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Wales must be more tolerant and help others in need - message from AMs after Bosnian genocide visit

Wales needs to show more tolerance towards different cultures and help others in need around the world. That's the verdict of a group of AMs who have returned from a visit to Srebrenica in Bosnia. Back in 1995 over 8,000 Bosnian Muslims where killed there after Serbian forces embarked on an ethnic cleansing policy of the local population.

The AMs heard from Nedzad Avdic who was 17 years old during the atrocity and managed to survive after being taken for dead by Serb forces. He still lives there and spoke of his anguish.

AMs meeting Nedzad Avdic who survived the massacre. Credit: ITV News

I was hit on my right side and in my hand but I was left for dead. Later soldiers left us and by accident I survived. I live here in Srebrenica as I returned 12 years after the war. Almost every day I visit here (the memorial) and when I saw many of my neighbours, relatives and friends here with their names on the stones it's very very difficult for me.

– Nedzad Avdic

In 1995 Bosnia was in the middle of a civil following its declaration of independence after the disintegration of Yugoslavia. Bosnian Serb forces laid siege to the nation's capital Sarajevo in their bid to control the country and embarked on a policy of ethnic cleansing in Serb-dominated areas. This resulted in many Bosnian Muslims in the region heading to Srebrenica because it was designated a safe area by the UN. But, in July 1995, Dutch peacekeepers failed to stop Serb forces moving into the area.

The Serb forces began systematically separating women and children from the men and later killed over 8000 male Muslims in the worst act of genocide in Europe since the Second World War. Some senior Serb leaders have been convicted of crimes against humanity at the International Criminal Tribunal for the Former Yugoslavia (ICTY) at the Hague in the Netherlands. The most high-profile case was that of Radovan Karadizic the leader of the Bosnian Serb forces, who was sentenced to 40 years in prison after being convicted of ordering the genocide.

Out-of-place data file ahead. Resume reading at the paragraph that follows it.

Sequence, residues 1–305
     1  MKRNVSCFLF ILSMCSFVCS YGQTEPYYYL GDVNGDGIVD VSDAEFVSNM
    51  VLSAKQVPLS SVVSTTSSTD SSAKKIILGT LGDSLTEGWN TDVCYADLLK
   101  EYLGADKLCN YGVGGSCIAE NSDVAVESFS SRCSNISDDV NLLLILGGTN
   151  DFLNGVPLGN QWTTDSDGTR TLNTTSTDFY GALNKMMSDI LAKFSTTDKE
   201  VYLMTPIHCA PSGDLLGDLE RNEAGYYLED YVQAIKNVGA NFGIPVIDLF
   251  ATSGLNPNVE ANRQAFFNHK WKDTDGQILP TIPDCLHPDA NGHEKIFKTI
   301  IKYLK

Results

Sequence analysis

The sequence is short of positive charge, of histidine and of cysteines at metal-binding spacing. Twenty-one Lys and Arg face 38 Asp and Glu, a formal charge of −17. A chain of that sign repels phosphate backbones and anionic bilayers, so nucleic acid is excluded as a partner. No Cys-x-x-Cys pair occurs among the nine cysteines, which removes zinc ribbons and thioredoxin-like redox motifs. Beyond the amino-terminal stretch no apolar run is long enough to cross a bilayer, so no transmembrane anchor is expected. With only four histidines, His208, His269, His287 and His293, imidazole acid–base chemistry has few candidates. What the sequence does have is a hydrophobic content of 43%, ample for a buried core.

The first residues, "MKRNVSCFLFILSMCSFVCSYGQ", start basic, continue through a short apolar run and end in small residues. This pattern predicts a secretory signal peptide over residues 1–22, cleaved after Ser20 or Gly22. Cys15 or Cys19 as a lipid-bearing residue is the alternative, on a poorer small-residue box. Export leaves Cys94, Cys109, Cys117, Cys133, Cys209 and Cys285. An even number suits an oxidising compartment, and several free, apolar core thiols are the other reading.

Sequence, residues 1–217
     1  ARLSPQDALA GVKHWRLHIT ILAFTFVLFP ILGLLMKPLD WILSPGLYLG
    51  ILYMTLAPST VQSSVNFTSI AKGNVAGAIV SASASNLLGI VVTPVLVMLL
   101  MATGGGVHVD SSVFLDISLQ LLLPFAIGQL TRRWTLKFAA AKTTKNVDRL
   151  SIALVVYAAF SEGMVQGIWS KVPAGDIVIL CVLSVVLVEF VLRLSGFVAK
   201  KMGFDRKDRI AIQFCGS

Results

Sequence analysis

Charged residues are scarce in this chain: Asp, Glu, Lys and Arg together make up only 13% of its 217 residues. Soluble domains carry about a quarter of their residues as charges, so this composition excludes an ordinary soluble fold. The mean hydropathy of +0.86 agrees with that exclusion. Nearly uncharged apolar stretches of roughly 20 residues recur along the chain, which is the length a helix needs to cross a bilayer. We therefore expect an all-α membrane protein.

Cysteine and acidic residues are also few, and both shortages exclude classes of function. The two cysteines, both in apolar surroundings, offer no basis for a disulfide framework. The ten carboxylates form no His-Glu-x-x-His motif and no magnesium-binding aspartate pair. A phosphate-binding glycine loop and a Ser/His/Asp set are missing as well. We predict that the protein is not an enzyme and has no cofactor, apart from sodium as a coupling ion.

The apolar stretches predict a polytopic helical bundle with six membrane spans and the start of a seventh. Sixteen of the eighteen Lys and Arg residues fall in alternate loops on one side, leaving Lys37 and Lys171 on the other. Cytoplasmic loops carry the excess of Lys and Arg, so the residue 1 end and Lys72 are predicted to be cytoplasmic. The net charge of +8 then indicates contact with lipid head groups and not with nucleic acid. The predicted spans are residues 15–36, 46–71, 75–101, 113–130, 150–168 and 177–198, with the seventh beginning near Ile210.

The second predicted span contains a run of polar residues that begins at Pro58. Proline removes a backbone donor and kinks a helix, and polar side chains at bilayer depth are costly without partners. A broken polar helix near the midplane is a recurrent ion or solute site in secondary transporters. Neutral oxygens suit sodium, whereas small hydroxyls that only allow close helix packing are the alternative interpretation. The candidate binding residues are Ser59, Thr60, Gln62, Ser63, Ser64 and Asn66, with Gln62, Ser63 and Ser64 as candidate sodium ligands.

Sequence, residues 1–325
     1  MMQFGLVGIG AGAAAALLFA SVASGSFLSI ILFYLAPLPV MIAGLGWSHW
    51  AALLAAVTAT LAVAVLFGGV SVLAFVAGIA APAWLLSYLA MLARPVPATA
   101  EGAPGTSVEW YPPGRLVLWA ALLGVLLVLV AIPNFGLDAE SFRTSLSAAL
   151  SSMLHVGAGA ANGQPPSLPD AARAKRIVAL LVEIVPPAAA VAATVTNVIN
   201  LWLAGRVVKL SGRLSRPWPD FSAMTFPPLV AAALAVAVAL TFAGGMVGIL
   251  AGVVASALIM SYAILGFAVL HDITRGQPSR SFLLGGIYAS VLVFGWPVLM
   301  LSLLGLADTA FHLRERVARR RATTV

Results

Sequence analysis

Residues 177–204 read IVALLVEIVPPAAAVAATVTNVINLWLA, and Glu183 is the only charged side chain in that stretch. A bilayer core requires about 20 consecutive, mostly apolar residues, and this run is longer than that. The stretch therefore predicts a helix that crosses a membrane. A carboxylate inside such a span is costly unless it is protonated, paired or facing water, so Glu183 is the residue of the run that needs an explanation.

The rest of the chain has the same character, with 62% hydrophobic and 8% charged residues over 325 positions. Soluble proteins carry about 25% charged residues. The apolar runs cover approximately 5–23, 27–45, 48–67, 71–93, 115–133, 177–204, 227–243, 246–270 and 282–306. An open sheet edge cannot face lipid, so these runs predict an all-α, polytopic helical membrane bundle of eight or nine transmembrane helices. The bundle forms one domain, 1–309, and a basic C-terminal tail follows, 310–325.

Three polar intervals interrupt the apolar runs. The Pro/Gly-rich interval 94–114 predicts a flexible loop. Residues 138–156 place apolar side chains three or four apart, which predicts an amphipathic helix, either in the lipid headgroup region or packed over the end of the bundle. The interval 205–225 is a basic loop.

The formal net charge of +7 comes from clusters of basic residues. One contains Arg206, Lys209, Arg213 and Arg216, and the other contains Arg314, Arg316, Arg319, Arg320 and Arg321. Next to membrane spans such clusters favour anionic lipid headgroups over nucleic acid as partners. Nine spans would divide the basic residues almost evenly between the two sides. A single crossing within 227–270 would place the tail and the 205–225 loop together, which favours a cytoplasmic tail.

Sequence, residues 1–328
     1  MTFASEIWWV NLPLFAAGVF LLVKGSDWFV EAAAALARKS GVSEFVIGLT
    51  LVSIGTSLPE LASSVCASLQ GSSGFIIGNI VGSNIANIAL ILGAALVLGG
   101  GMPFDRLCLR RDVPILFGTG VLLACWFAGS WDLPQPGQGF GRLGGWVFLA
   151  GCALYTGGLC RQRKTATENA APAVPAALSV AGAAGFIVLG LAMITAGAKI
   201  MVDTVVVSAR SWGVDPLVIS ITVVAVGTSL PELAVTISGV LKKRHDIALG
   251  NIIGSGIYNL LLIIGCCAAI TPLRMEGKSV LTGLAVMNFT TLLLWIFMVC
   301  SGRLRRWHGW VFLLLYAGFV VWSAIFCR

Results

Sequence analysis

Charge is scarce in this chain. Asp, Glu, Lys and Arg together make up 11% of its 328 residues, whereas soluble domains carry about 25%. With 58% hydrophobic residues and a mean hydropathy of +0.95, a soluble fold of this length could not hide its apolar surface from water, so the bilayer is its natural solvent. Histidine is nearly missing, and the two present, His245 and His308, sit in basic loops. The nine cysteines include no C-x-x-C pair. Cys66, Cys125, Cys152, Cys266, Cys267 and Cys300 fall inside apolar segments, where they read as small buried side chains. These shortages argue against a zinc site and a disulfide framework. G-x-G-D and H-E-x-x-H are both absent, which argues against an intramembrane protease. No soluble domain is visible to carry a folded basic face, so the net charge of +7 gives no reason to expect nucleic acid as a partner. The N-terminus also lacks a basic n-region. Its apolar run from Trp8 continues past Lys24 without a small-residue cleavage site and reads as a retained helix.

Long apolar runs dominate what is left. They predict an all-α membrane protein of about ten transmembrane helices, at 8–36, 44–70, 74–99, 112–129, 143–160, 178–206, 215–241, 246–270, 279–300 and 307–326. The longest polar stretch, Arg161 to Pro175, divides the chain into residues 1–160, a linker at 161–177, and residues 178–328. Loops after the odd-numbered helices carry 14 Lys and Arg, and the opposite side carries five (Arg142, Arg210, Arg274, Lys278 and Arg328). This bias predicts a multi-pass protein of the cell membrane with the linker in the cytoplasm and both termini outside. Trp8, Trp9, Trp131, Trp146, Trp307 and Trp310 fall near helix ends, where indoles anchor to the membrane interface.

The group from Wales included former Deputy Presiding Officer of the Assembly David Melding, Newport West AM Jayne Bryant and Joyce Watson, who represents Mid and West Wales.

David Melding AM laying a reath at the memorial site in Potocari. Credit: ITV News

I've asked many people I've met here, why? The answer I've had is because somebody thought they were better than somebody else and that difference mattered. But what I say is we must live with each other not next to each other.

– Joyce Watson AM

The visit was part of the Remembering Srebrenica project which seeks to commemorate those lost and educate future generations about the consequences of hatred. As part of the scheme a Wales-specific information pack will now be available to all schools in Wales in a bid to raise awareness of events in Bosnia over 20 years ago. According to David Melding, who's behind the idea, there are very real lessons for us in Wales from what happened in Srebrenica.

The pack has been produced so we can promote knowledge of the conflict in Wales but then stress how important it is to work for peace and tolerance and just societies.

– David Melding AM

More information about the project can be found on their website, www.srebrenica.org.uk.